Photography has been a passion of mine for many years now and is growing in popularity and access thanks to the development of compact digital cameras available everywhere from your local petrol station or supermarket to specialised photography wholesalers.
One area of discontent for many a budding enthusiast is low light shots and outdoor night photography. All of us have experienced the frustration and vexation of being moved by the seduction beauty of darkness and trying to capture those moments on camera only to upload the images to our hard drives and find heavily pixellated or out of focus offerings that belong in our recycle bins.
Here’s a few hints and tips that I’ve learn through blood sweat and tears over the years.
1. Get an idea in your head of what you’d like to shot and where.
2. I love playing with light and shadow and especially celestial beings on water so if you want to capture a sunset or rising moon check which direction you need to shot in, you may have to change location and it’s also handy to check out the visibility periods e.g. I’m in county down Northern Ireland, tonight the sun sets at 20.49 and the moon rises at 20.09.
3. Normal safety precautions, flashlight, mobile, a seat is always good especially for prolonged exposures and arduous set ups.
4. Use a tripod – if your shutter speed is less that 1/60 you’re likely to encounter camera shake. Also if it’s windy you’ll need a pretty sturdy tripod again to prevent the wind either blowing over your camera or just catching it and shifting it in the gusts.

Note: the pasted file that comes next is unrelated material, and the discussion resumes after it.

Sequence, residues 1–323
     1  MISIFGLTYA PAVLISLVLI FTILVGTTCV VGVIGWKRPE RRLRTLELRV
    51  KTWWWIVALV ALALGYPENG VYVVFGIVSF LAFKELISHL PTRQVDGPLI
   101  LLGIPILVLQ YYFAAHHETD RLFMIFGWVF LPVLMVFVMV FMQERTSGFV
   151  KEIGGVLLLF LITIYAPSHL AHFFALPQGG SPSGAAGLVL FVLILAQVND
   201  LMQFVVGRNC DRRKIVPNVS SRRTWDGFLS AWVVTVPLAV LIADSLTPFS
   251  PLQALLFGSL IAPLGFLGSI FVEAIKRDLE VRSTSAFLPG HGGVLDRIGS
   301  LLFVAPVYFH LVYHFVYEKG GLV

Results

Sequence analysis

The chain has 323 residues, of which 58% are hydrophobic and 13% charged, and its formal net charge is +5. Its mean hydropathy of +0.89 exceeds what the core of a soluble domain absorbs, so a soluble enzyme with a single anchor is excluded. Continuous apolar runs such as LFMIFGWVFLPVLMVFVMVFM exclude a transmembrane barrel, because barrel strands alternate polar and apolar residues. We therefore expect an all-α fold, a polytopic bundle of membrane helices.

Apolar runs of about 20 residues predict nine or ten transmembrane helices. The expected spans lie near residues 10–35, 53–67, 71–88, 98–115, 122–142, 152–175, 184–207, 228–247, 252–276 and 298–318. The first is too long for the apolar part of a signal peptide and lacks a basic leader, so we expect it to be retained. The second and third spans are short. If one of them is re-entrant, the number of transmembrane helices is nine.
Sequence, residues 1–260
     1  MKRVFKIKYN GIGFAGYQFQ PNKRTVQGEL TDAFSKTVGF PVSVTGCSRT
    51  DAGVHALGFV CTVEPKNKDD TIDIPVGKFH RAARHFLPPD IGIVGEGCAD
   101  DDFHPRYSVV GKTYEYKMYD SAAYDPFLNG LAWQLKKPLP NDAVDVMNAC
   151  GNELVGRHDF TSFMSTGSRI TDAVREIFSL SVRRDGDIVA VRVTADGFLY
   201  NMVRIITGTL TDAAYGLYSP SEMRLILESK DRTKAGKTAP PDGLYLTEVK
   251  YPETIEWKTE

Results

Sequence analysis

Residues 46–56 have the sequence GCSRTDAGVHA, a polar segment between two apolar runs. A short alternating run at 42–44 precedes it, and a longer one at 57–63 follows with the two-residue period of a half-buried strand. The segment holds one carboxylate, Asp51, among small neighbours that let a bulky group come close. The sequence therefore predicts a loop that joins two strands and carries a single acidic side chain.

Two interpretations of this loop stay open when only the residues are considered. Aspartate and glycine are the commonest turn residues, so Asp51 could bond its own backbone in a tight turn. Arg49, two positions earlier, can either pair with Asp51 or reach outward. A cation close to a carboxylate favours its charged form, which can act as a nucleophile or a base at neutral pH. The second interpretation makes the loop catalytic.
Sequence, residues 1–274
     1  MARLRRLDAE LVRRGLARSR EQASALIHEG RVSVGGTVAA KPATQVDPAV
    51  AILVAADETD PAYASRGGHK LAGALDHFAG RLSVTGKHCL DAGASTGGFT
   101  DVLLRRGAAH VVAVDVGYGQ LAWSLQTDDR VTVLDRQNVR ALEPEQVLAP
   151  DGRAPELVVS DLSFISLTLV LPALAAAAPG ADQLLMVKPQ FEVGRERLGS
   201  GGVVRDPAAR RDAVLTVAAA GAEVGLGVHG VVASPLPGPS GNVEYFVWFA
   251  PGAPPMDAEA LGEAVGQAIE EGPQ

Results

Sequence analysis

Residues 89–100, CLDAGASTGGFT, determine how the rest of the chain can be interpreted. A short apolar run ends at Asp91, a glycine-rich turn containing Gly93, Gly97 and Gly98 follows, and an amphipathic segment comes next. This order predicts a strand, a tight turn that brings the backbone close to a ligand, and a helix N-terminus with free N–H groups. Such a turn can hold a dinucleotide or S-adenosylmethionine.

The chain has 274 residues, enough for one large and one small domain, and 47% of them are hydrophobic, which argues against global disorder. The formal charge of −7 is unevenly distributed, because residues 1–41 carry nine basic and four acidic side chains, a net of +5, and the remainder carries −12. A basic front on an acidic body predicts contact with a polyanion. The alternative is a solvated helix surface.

5. Remote shutter release is very handy if this is possible for your equipment as I find even holding down the button can cause the camera to move.
6. Try to get a tripod with a spirit level or bring one along as often you can’t see clearly what you’re shooting through the lens and can wind up with weird horizons and lines.
7. Don’t use a flash as flash modes are only really effective if your subject is up to 6feet away and they confuse the other settings on your camera especially if you’re shooting in automatic mode.
8. The higher the ISO (film speed) the more light reactive it is which allows you to cut down on exposure time or f-stops however I’ve noticed on my digital camera that low speed ISO’s e.g. 1200 or 3200 can leave you with very grainy shots as the higher the speed the smaller the pixelation (I think – that’s how it works on film anyway!)
9. Light and shade – light metering – remember if you focus your camera on the setting sun or moon the camera assumes this to be the average light of the whole picture therefore the darker areas that need more exposure will be very dark in your photo. You may have to mess around with settings to find a suitable balance depending of course on what you want to shot and what light contrast you desire.
10. Bracketing your photos is a good idea – find your optimal settings and then take a shot on either side, one slighter lighter and one darker as it’s hard to tell what works until you see the finished product.
11. If you can it may be easier to set your lens to manual focus as a lot of cameras have trouble picking up what to focus on in the dark.
12. Use mirror lock if possible as even the internal mechanics of cameras can cause vibrations.
13. Take a lot of pictures and try different settings until you learn what works.
14. If your camera has a histogram function it can help to show you what’s under or over exposed.
15. Enjoy and share!!!